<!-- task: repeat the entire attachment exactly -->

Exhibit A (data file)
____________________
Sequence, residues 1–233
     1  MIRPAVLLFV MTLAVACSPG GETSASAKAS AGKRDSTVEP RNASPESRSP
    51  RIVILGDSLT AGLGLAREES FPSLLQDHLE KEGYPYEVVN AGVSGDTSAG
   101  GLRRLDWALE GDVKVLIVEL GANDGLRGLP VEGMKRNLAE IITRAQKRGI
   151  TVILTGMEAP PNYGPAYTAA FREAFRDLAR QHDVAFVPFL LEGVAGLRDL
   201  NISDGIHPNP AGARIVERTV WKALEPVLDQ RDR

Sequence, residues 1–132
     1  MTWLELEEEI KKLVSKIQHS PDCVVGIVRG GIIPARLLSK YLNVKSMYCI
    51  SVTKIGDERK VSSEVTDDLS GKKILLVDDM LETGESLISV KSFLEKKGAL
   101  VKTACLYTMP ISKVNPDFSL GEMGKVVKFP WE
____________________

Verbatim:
Sequence, residues 1–233
     1  MIRPAVLLFV MTLAVACSPG GETSASAKAS AGKRDSTVEP RNASPESRSP
    51  RIVILGDSLT AGLGLAREES FPSLLQDHLE KEGYPYEVVN AGVSGDTSAG
   101  GLRRLDWALE GDVKVLIVEL GANDGLRGLP VEGMKRNLAE IITRAQKRGI
   151  TVILTGMEAP PNYGPAYTAA FREAFRDLAR QHDVAFVPFL LEGVAGLRDL
   201  NISDGIHPNP AGARIVERTV WKALEPVLDQ RDR

Sequence, residues 1–132
     1  MTWLELEEEI KKLVSKIQHS PDCVVGIVRG GIIPARLLSK YLNVKSMYCI
    51  SVTKIGDERK VSSEVTDDLS GKKILLVDDM LETGESLISV KSFLEKKGAL
   101  VKTACLYTMP ISKVNPDFSL GEMGKVVKFP WE